SodaStream rejects gag order by International Bottled Water Association
Categories: COMPANY NEWS , Environment & Bio-diversity
Joseph K Doss, President and General Counsel for IBWA states that SodaStream “makes false, misleading, and disparaging statements about bottled water.
November 30, 2016: SodaStream is facing a David and Goliath battle after the International Bottled Water Association (IBWA), representing brands such as Nestlé, issued a “cease and desist” in retaliation to the latest SodaStream ‘Shame or Glory’ ad featuring HBO’s “Game of Thrones” characters.
Joseph K Doss, President and General Counsel for IBWA states that SodaStream “makes false, misleading, and disparaging statements about bottled water. The IBWA strongly objects to these statements and demands that <SodaStream> immediately cease and desist showing this video”.
Doss further explains that “people should not be shamed for making healthy beverage choices and should rather be commended”. The IBWA feels it is not in the public’s interest to discourage consumption of bottled water which it feels is safer and healthier than sugary options such as soft drinks, energy drinks and juices.
SodaStream CEO Daniel Birnbaum responded with a firm statement rejecting the “gag order by the IBWA” and further committed to continue the “fight against shameful use of polluting plastic bottles”.
“We will not let the IBWA’s threats stop us from trying to save the planet," said Birnbaum.
"The IBWA, a front for major plastic manufactures like Nestlé -- the world's largest producer of bottled water -- is nothing more than an elite group of like-minded corporate sponsors who prioritize their own profits over the care of our planet. I don’t know what’s more offensive: The notion that a huge corporate organisation thinks it can silence a small company or that the message they want gagged is that plastic bottles represent a real threat to the environment“.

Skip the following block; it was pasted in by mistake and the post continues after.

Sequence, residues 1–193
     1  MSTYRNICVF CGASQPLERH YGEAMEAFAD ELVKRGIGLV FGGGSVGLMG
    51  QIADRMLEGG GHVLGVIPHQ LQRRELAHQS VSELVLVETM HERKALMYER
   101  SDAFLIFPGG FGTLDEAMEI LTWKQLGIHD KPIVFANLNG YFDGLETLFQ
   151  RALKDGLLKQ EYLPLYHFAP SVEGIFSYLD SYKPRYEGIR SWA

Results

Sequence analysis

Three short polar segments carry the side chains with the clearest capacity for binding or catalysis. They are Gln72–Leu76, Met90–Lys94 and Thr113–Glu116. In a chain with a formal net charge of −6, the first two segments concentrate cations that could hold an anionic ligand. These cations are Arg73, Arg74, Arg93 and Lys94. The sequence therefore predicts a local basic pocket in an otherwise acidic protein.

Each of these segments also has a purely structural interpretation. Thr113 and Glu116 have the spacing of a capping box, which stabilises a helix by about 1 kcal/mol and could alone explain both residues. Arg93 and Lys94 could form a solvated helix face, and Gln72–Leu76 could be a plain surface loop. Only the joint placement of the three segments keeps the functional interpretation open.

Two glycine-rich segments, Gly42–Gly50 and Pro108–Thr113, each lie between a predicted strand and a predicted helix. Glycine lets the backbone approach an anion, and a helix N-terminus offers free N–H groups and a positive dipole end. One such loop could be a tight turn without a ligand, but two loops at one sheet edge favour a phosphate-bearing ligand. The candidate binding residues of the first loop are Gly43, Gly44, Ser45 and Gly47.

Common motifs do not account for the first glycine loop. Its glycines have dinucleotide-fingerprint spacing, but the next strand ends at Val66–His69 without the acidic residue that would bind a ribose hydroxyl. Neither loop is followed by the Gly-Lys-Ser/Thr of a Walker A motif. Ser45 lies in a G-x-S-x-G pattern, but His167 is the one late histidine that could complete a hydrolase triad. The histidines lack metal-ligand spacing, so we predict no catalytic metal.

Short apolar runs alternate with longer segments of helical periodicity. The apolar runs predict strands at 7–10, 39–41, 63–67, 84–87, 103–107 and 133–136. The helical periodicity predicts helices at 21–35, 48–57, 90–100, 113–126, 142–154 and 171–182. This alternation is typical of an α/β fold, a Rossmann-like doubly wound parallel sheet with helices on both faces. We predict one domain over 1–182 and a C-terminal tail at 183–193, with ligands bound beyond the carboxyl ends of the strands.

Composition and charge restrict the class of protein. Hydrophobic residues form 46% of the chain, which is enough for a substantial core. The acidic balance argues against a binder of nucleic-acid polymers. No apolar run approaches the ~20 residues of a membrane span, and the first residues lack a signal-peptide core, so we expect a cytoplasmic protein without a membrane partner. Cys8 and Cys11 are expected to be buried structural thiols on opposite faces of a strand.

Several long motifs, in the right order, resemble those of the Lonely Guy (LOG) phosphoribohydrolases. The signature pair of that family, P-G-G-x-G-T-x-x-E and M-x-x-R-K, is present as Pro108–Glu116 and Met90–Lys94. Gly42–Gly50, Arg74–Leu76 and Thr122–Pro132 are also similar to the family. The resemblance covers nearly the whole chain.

SodaStream's “Shame or Glory” includes a three-minute video and an integrated social campaign. The video, which has been viewed more than 20 million times since its launch on 15 November, features a production assistant on a mission to buy sparkling water from a local supermarket. He is pursued by Hannah Waddingham as Game of Thrones character Septa Unella, who rings the bell of shame and repeatedly shouts “shame” at the assistant. When the assistant finally reaches the set, fellow Game of Thrones actor Thor Bjornsson explains the benefits of using a SodaStream machine and fresh, local tap water instead of the shameful habit of using and throwing away plastic water bottles. The refillable SodaStream carbonating cylinder makes up to 60 liters of delicious sparkling water, replacing 120 single-use plastic bottles.
More than one billion beverage bottles are used every single day around the world, the overwhelming majority of that plastic ends up in our landfills, parks and oceans.
The hazard of the plastic bottle industry to our environment is well established. The affect to marine life is particularly concerning. Since 1988, ocean conservationists have warned about the so-called “Great Pacific Garbage Patch,” a floating island the size of Texas thought to be comprised of improperly disposed plastic waste. According to a report by Greenpeace entitled “Plastic Debris in the World’s Oceans,” more than 267 different species of seabirds, turtles, seals, sea lions, whales and fish have been documented as casualties of plastic ingestion or entanglement.
In a statement issued by the Department of Environmental Affairs on World Oceans Day this year, “estimates suggesting that there are currently over 13,000 pieces of plastic litter floating on every square kilometre of ocean have been reported by UNEP in 2005. South Africa is not immune to the problem and the effects posed by marine litter.
The presence of marine litter, in particular plastic items, are a common sight along recreational beaches and estuaries, especially in urban areas. During the 2015 International Coastal Clean-up Day in East London, a total of 16 141 volunteers collected over 109 000 litter items over just 77 kilometres of coastline.
Although more people are joining hands each year to carry out coastal clean-up activities, it is clear that the amount of litter reaching the coastline and ocean environment is not declining.”
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